Flight Lines: Tree swallows are a nice second choice
Matt is a friend who lives on a nearby rural farmstead. He's not a farmer, mind you, but he and his wife prefer the quieter atmosphere of country living. It also allows her to keep her horses at home instead of boarding them somewhere else.
During the few years they've lived out there, Matt has worked tirelessly to create a landscape favorable to themselves and to their animals. In doing so, they've cleared brush, planted numerous trees and maintained a large garden. He's also tried to lure in bluebirds by placing nest boxes along a fence row.
Anyone who has attempted to entice a certain species to nest in a box understands it's a bit of a crap shoot. The if-you-build-it-they-will-come approach works. The sticking point is you never really know for sure who they will be. In this particular case, instead of bluebirds, it's tree swallows (Tachycineta bicolor).
Of the six species of swallows which breed in the Red River Valley, only two regularly nest in boxes, purple martins and tree swallows. And purple martins rarely nest alone, preferring instead to group up in communal sites designed for them. Tree swallows, on the other hand, will regularly occupy single nest boxes, usually the ones folks put out for bluebirds.
It's not difficult to identify this bird, being pure white underneath (except for juveniles) with a dark, blue, iridescent cape covering its head and running down the back and wings. Like all swallows, it's got a short, stout beak and long wings extending beyond the tail when at rest.
The only other swallow to be reasonably confused with tree swallows is the violet-green swallow. Since violet-greens are confined to the badlands in this state, however, the only white-breasted iridescent greenish blue swallow around here will very likely be a tree swallow.
I'm not sure why, but tree swallows seem to have a fascination with feathers. A single bird can often be seen flying around with a small feather in its mouth, dropping it in midair only to catch it again. The nests are usually lined with the feathers of other birds also. This is thought to increase warmth for the nestlings and help limit parasites.
Though placed among the songbirds, swallows are not typically considered great singers. But among its swallow brethren, tree swallows are perhaps the most vocally pleasing. The birds will often sing high-pitched clear whistles along with a variety of twitters and chirps.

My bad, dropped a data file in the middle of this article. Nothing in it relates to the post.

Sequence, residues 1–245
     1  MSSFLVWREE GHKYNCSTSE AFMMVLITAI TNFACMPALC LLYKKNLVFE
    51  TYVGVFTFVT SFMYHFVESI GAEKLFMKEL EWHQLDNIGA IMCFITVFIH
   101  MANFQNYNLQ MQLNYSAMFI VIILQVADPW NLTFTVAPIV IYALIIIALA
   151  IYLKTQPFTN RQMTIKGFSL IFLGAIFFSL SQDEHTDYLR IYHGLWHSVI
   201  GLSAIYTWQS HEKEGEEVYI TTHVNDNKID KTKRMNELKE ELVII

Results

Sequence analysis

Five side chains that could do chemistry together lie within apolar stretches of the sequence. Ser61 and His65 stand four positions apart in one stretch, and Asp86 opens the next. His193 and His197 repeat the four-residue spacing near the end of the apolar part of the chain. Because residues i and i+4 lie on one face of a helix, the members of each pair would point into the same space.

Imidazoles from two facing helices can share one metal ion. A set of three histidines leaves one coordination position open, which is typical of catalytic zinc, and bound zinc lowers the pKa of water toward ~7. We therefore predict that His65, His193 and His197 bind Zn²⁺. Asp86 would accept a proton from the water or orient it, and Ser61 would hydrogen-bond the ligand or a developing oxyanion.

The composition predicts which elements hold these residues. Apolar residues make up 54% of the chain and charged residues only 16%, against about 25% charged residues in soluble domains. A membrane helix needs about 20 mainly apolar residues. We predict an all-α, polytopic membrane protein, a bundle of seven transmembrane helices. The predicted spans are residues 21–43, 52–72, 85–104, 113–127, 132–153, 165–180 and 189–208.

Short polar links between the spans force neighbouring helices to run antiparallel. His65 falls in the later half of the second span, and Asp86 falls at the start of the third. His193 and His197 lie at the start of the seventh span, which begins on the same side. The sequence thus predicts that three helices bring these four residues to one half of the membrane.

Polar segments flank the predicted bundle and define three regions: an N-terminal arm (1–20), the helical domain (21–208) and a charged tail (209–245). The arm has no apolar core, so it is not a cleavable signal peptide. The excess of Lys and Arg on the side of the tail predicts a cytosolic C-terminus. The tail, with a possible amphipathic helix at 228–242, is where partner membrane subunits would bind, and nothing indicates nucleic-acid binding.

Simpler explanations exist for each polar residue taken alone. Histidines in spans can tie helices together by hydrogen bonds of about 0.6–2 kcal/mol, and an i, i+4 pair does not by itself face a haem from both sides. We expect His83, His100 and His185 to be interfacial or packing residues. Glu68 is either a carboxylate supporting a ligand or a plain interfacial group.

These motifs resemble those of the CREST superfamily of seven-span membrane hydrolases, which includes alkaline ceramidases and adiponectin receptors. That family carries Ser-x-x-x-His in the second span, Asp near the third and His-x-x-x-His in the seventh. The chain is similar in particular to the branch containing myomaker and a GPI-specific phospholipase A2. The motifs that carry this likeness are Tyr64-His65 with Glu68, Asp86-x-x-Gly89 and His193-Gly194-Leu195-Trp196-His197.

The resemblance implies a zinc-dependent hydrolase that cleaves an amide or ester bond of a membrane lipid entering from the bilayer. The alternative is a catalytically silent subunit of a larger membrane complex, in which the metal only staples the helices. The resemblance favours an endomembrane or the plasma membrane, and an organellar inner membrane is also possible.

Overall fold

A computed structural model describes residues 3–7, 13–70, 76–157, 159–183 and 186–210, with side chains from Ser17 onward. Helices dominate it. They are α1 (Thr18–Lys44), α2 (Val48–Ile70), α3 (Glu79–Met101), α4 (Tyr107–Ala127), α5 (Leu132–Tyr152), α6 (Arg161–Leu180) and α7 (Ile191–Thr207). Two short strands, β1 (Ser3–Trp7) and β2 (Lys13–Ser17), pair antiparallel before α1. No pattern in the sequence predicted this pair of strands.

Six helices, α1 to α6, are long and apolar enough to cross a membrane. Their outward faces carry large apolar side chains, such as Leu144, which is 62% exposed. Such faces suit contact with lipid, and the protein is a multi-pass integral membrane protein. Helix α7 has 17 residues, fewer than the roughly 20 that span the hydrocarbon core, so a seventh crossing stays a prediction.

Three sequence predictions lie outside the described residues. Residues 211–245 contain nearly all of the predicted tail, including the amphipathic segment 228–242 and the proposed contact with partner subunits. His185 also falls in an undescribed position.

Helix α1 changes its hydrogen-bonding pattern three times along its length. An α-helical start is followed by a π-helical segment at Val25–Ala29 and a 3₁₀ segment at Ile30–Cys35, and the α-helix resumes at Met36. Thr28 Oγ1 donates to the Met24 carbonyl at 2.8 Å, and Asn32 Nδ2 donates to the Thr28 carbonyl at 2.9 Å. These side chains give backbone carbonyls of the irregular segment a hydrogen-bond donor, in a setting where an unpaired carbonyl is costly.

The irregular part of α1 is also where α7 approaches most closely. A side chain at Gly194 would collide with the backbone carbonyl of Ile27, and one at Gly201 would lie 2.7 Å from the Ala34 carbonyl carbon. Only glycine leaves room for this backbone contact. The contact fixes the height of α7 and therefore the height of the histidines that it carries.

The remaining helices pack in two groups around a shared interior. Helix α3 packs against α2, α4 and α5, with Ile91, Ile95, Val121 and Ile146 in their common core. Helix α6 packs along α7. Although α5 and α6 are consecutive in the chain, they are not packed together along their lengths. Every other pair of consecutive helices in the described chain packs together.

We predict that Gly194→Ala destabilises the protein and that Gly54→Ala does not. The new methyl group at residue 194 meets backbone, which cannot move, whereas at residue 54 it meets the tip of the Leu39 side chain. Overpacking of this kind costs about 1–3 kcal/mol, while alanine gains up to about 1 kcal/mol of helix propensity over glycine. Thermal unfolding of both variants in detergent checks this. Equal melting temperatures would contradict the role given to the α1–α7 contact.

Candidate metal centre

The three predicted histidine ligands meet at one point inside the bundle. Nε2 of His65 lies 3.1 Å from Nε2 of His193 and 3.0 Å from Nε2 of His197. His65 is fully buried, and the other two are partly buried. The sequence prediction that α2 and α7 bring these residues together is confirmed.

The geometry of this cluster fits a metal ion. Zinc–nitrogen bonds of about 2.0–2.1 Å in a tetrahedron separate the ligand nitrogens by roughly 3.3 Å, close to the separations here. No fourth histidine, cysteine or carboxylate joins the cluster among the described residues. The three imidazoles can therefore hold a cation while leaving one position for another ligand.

Like all swallows, this one feeds primarily on flying insects, making them rather beneficial to humans. However, tree swallows incorporate some berries into their diet especially in winter when invertebrates can be scarce. This allows the species to winter farther north than any other swallow. As a result, it's the first swallow to appear in spring across most of North America.
Tree swallows have been migrating south for nearly a month already, the birds having finished raising young. Fall migration will continue until nearly freeze-up. Migrant flocks of tree swallows can be impressive, with some locations reporting numbers in the hundreds of thousands often mixing with other swallow species. While not so numerous this far north, flocks of many thousands can still be expected. Pay particular attention to open areas such as marshes and wooded swamps where the birds usually gather.
My friend told of some interesting behavior at his swallow nests a few weeks ago. When he would approach a box containing young, adult tree swallows would mob him in an attempt to protect the nestlings. Not just the doting parents but other adults as well.
This type of cooperation is common among gregarious flocking birds and serves to benefit the species in a three musketeer sort of way. Unus pro omnibus, omnes pro uno (all for one, and one for all).
While bluebirds have yet to nest in the structures put up for them, Matt is not chagrined. The tree swallows have helped to keep the nearby bug population down and provided hours of enjoyment through their aerial antics and fascinating behaviors. As stated previously, one never knows which species will nest in an artificial box, but a person can't be too disappointed if it's tree swallows.
Corliss is a West Fargo resident, avid birder, and ND Game and Fish volunteer instructor. He serves as a corporate pilot for Forum Communications. email@example.com.